A RDTBased Interconnection Network for Scalable NetworkonChip Designs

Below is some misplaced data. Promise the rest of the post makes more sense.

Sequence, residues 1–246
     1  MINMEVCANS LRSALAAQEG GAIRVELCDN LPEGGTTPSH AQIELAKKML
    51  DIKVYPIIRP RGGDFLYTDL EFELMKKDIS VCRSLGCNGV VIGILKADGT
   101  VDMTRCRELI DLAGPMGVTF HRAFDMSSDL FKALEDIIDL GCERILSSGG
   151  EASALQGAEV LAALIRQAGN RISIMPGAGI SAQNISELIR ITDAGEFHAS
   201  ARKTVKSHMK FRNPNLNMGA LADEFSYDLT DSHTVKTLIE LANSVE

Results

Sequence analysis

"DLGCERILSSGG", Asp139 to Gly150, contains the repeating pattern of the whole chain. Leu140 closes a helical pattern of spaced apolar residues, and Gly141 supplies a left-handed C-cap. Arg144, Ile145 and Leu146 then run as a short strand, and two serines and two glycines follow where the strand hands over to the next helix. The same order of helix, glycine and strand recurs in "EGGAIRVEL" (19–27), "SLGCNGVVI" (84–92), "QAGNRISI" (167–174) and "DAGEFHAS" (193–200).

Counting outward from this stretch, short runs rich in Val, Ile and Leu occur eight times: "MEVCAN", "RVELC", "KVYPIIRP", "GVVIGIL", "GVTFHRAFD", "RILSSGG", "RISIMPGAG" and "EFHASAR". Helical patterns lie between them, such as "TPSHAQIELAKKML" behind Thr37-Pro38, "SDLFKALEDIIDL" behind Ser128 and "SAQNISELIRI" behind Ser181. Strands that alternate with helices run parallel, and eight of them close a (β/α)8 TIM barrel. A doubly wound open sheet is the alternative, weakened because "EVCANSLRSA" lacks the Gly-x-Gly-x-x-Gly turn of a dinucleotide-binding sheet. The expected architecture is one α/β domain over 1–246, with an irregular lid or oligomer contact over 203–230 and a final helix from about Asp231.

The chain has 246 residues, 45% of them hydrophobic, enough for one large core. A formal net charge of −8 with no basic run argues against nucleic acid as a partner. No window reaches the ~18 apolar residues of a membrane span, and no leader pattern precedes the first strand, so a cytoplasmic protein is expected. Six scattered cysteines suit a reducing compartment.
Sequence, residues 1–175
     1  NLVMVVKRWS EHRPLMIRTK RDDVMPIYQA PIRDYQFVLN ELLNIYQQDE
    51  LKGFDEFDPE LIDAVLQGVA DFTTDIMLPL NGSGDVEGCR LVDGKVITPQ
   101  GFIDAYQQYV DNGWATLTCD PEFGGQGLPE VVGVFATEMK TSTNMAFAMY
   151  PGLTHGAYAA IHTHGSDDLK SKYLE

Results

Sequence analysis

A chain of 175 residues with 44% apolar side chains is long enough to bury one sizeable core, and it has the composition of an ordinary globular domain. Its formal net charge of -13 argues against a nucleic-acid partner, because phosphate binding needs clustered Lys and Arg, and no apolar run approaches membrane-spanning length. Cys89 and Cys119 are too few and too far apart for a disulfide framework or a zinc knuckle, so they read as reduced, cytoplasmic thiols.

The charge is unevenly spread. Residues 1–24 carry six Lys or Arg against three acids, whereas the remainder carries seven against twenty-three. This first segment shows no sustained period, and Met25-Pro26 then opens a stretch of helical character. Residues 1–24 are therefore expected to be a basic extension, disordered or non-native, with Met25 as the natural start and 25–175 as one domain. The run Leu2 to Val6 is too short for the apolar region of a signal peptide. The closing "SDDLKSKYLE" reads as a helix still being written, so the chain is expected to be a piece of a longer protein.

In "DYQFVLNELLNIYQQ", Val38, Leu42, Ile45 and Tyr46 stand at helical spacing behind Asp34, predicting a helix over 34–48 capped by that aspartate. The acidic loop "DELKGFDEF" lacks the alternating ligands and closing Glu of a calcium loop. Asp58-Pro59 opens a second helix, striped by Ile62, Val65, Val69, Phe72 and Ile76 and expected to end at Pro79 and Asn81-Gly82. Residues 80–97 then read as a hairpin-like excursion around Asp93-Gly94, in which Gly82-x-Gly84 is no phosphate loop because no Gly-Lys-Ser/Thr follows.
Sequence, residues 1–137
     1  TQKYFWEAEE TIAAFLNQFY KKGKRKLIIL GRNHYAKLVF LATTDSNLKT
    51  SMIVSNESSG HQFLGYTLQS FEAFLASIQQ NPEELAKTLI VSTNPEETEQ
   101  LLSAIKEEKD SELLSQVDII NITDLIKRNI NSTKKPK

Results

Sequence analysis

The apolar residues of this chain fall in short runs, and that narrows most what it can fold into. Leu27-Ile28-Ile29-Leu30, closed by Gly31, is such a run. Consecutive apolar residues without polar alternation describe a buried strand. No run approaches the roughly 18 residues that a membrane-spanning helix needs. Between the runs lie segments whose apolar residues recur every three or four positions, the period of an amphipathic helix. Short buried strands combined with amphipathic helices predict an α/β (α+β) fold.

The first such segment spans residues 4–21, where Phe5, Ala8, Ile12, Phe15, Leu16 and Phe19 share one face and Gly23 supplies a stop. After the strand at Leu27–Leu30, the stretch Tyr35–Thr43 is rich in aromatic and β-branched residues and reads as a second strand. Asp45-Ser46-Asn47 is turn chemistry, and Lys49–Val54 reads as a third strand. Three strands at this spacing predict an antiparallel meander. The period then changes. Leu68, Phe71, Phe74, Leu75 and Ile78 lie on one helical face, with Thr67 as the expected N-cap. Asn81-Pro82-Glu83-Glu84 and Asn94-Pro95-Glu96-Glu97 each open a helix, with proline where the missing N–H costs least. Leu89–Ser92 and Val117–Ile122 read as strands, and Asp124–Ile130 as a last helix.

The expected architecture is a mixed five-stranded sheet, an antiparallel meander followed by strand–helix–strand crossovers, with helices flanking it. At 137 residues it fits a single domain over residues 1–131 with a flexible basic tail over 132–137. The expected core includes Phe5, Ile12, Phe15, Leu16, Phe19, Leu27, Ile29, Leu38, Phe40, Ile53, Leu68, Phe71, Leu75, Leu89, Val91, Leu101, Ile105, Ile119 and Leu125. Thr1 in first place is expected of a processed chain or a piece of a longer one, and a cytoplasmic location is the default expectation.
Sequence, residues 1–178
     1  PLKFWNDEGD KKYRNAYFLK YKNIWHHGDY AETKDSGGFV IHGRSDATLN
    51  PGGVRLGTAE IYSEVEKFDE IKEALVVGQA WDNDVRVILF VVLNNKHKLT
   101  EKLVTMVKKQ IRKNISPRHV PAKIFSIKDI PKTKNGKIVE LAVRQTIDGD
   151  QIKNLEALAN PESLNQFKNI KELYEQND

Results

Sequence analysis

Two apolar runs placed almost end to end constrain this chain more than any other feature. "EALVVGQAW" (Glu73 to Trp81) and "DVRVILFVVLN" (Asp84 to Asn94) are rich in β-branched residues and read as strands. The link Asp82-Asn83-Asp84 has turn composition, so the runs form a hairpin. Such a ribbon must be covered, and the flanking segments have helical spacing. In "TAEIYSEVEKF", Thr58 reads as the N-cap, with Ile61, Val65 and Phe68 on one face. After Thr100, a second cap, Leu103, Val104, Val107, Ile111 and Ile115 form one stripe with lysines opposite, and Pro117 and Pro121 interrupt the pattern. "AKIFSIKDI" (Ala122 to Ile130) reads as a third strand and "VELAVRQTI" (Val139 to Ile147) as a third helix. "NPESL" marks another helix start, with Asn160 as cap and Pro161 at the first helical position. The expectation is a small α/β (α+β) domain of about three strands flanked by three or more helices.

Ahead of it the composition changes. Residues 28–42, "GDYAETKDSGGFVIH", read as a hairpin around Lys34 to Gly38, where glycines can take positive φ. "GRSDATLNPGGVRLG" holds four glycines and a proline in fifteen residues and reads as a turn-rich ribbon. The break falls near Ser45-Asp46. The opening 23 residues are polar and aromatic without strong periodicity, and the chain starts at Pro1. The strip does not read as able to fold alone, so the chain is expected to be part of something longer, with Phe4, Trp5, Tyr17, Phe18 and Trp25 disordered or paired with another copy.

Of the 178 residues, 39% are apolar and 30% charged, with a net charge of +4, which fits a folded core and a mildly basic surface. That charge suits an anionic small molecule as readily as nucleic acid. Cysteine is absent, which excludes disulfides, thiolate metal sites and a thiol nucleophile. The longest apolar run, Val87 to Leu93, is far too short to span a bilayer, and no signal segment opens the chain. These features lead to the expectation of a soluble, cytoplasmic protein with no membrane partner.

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1 A RDTBased Interconnection Network for Scalable NetworkonChip Designs ang u, Mei ang, ulu ang, and ingtao Jiang Dept. of Computer Science Nankai University Tianjing, , China Dept. of Electrical & Computer Engineering University of Nevada, Las Vegas Las Vegas, NV 89154, USA {meiyang, Abstract The interconnection network plays an important role in the performance and energy consumption of a NetworkonChip (NoC) system. In this paper, we propose a RDT(2,2,1)/αbased interconnection network for NoC designs. RDT(2,2,1)/α is constructed by recursively overlaying 2D diagonal meshes (torus). The number of layers needed for routing the links in RDT(2,2,1)/α is shown to be bounded at 6, which is feasible to be implemented with current and future VLSI technologies. With the innovative diagonal structure and its simple rank assignment, RDT(2,2,1)/α possesses the following features: recursive structure, smaller diameter and average distance, embedded mesh/torus topology, a constant node degree of 8, and robust routing schemes. These features make RDT(2,2,1)/α a promising solution for the interconnection network of NoC designs satisfying the requirements for scalability, energyefficiency, customizability, and faulttolerance. Key words: NetworkonChip, interconnection network, torus, scalability, routing 1. Introduction As shown on the International Technology Roadmap for Semiconductors (ITRS) [6], highperformance microprocessors are expected to contain up to one billion transistors by the year 2007 and over four billion transistors by This rapid advance in VLSI technologies will soon make it possible to integrate a large number of processing units interconnected through communication network on a single chip. The high performance and energyefficiency brought by the distributed architecture make systemonchip (SoC) designs promising for challenging design problems in the telecommunications, multimedia, and consumer electronic domains [1]. As a new paradigm of SoC, with a communicationcentric design style, NetworkonChip (NoC) [1] was proposed to meet the distinctive challenges of providing functionally correct, reliable operation of interacting SoC components. A NoC system is composed of a large number of processing units communicating to other units across the interconnection network. Packets travel through the network by passing one or more hops between the source and destination tiles. The design of a NoC system must address the following four problems. Scalability: In a NoC system, the interconnection network plays an important role in providing scalability to accommodate larger number of transistors and alleviate design productivity gap [4]. Onchip networks will likely use networks with lower dimensionality to keep wire lengths short [5]. However, the scalability of current proposed solutions, including honeycomb structure [3], 2D mesh [8], and butterfly fat tree structure [9], is either insufficient or unexplored. Energyefficiency: As pointed out in [4], a significant amount of power of a NoC system is consumed by its interconnection network. As a result, when designing a NoC system, power needs to be treated as a major design constraint [4]. Customizability: The customization levels can be categorized in architectural, protocol, QoS [7][9][11], and hardware/software issues [4]. It is desirable to provide customizable NoC design in order to find the best compromise between the performance and the major design constraints, such as power and area, for a specific application. Faulttolerance: The processing units and communication links are subject to failures. It is highly desirable to have a NoC design which can provide certain protection for system under node or link failures. To address the aforementioned problems, we propose an interconnection network design for NoC based on the Recursive Diagonal Torus (RDT) structure [14], which was originally proposed to connect massively parallel computers. An RDT structure is constructed by recursively overlaying 2D diagonal meshes (torus). RDT(n, R, m) is a class of RDT in which each node has links to form base torus (rank0) and m upper tori (the maximum rank is R) with the cardinal number n. In this